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In an omnibus poll conducted for Capers Community
Markets between May 30 and June 11, 2007, the Mustel Group surveyed a
random sample of 500 Greater Vancouver adults, 18 years of age and over.

webfarmer_10804In an omnibus poll conducted for Capers Community Markets between May 30 and June 11, 2007, the Mustel Group surveyed a random sample of 500 Greater Vancouver adults, 18 years of age and over. The study compared attitudes, awareness and stated shopping habits regarding preference for locally grown produce against a similar Mustel Group omnibus poll, also conducted for Capers, between June 7 and June 15, 2005.

Results are subject to a margin of error of +/-4.5 per cent at the 95th confidence level.

General preference
1. As found in 2005, the majority of shoppers (seven in 10) prefer locally grown produce (defined as grown within British Columbia). Consumers 35 years of age or over are more inclined to prefer locally grown produce (72 per cent in the 2007 measure) than the younger shoppers (56 per cent).

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Purchasing decisions
2. Seven in ten B.C. adults report having increased the amount of B.C.-grown produce they buy over the past two years. Reasons for the stated increase include, in this order: supporting local farmers and the local economy, wider selection, environmental benefits (less pollution from transporting), freshness of produce, and health benefits (fewer pesticides).

To view the figures accompanying this release please click on the following link: www.ccnmatthews.com/docs/ccm0626.pdf

3. As found in 2005, nine in ten B.C. adults say they prefer B.C.-grown produce(1) and buy B.C.-grown produce whenever it is available and always look for produce that is in season locally.

4. Two-thirds (up from half in 2005) are willing to pay extra for B.C. produce.

Perceived benefits
5. The top two reasons people cite for eating B.C.-grown produce are still to support the local economy and local farmers (69 per cent of consumers), and because it is fresher, not picked “green” and spends less time in transit (30 per cent of consumers). However, 2007 saw a significant increase in the proportion of adults citing reduction in transportation distance as a benefit (up to 17 per cent from 3 per cent in 2005).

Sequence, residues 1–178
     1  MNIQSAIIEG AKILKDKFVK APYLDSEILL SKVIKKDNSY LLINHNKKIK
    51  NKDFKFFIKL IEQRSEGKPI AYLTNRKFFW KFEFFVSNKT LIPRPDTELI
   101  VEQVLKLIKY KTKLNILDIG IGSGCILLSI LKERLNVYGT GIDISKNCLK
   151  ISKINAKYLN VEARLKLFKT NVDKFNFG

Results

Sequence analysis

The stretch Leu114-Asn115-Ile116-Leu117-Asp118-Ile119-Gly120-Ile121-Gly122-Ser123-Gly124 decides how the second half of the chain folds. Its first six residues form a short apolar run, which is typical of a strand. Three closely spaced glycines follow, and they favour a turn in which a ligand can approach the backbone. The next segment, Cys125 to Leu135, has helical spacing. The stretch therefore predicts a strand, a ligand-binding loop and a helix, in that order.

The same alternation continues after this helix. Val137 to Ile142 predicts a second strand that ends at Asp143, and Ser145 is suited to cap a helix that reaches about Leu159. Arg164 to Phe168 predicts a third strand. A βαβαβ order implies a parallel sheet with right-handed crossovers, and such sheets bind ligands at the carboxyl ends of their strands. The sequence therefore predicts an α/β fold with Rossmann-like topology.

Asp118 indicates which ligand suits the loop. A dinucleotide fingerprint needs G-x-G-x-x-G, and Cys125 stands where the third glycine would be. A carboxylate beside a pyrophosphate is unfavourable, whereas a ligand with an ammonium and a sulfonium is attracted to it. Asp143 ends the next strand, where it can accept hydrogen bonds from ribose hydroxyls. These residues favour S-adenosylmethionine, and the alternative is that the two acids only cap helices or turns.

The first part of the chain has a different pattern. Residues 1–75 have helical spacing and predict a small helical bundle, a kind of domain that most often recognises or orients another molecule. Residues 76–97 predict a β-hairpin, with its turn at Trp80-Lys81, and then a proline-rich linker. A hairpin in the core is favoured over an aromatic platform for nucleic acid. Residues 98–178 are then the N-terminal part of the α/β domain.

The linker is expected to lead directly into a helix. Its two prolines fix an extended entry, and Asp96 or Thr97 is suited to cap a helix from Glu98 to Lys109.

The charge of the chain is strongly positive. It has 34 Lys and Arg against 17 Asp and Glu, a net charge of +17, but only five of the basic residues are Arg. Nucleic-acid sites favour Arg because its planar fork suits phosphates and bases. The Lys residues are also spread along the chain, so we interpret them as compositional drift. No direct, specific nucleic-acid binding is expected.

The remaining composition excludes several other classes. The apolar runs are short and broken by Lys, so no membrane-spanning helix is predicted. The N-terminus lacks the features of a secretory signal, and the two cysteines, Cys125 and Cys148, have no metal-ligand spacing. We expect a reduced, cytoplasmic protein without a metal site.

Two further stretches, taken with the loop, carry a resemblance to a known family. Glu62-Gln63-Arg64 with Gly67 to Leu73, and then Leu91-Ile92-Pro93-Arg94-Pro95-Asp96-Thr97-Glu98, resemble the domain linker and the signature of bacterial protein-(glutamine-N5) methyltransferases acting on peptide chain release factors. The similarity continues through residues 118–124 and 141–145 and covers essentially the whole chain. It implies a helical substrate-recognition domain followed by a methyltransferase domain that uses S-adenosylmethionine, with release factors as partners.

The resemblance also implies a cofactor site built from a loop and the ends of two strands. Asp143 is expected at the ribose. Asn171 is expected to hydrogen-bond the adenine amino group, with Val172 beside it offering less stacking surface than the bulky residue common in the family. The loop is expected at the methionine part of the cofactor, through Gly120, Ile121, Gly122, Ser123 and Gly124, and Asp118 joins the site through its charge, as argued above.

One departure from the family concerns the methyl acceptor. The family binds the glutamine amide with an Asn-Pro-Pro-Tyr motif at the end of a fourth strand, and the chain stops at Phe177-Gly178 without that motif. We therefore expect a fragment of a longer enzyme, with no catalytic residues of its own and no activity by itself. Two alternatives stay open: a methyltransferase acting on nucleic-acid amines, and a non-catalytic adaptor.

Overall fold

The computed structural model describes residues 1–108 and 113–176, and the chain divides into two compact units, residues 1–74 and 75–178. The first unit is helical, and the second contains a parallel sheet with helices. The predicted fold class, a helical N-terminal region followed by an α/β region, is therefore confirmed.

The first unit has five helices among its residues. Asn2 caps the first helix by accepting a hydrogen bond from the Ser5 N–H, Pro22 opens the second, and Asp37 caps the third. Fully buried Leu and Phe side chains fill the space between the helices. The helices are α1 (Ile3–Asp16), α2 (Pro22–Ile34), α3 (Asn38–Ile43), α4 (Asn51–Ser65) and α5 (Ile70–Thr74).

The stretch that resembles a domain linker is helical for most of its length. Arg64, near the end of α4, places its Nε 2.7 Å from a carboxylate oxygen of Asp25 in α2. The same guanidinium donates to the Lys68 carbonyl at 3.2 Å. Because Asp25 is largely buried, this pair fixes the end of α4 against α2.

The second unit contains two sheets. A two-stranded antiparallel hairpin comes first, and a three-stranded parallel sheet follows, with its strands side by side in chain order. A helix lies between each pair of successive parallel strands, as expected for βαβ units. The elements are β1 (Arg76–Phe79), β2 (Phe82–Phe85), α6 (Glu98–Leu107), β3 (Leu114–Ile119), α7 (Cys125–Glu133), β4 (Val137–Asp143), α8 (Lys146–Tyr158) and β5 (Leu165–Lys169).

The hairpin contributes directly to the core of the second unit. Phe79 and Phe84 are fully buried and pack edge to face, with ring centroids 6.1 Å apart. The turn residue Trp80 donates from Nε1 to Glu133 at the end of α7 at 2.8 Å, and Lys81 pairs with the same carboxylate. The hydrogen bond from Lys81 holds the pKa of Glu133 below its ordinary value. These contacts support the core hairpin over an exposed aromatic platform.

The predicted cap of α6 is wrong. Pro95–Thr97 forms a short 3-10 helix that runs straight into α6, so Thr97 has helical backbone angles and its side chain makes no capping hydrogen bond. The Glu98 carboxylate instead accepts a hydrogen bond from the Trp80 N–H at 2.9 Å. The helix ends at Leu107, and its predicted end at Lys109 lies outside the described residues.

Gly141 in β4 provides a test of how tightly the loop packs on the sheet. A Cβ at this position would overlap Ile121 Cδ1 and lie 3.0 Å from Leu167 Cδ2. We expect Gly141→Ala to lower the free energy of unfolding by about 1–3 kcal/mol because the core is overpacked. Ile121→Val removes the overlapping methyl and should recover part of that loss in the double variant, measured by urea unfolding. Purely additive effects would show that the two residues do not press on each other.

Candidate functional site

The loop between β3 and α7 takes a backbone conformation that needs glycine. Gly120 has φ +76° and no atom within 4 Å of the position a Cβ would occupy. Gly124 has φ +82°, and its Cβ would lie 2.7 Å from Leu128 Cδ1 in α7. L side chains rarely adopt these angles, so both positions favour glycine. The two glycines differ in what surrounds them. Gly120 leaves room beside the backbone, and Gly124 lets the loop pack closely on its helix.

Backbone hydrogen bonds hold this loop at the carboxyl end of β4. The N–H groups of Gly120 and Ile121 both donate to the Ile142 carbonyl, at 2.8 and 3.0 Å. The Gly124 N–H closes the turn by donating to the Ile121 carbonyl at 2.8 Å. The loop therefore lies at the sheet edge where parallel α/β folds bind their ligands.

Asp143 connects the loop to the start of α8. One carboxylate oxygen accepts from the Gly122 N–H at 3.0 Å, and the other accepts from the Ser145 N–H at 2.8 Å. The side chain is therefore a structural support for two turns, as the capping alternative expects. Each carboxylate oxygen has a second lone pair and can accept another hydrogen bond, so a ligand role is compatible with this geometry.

Ipact of Information on Produce Purchase Decisions
6. As found in 2005, knowing that buying locally grown produce helps support family-run farms and rural communities in B.C. had the most impact on produce purchase decisions, with 90 per cent of respondents indicating this knowledge would make them more inclined to purchase locally grown produce. The second most influential factor was that locally grown produce is more flavourful, with 72 per cent of respondents saying this would make them more likely to buy local produce.

7. 2007 saw a significant jump in environmental awareness with 84 per cent of respondents (compared with 72 per cent in 2005) who indicated they would be more likely to buy locally grown produce when they learned that locally grown produce is better for the environment because it reduces air pollution from trucking and reduces fuel consumption. This factor ranked significantly higher than flavour in 2007 in influencing intention to buy locally grown produce.

8. A higher proportion of consumers than in 2005 reported that information regarding pesticides (76 per cent in 2007 versus 63 per cent in 2005) and preference for B.C.-grown produce among leading chefs as influencing their decision to purchase B.C.-grown produce (53 per cent in 2007 compared with 42 per cent in 2005). Furthermore, the vast majority state that health benefits (higher vitamin content) is a factor.

(1) In 2007, the term “B.C.-grown” was used in place of the term “locally grown.” •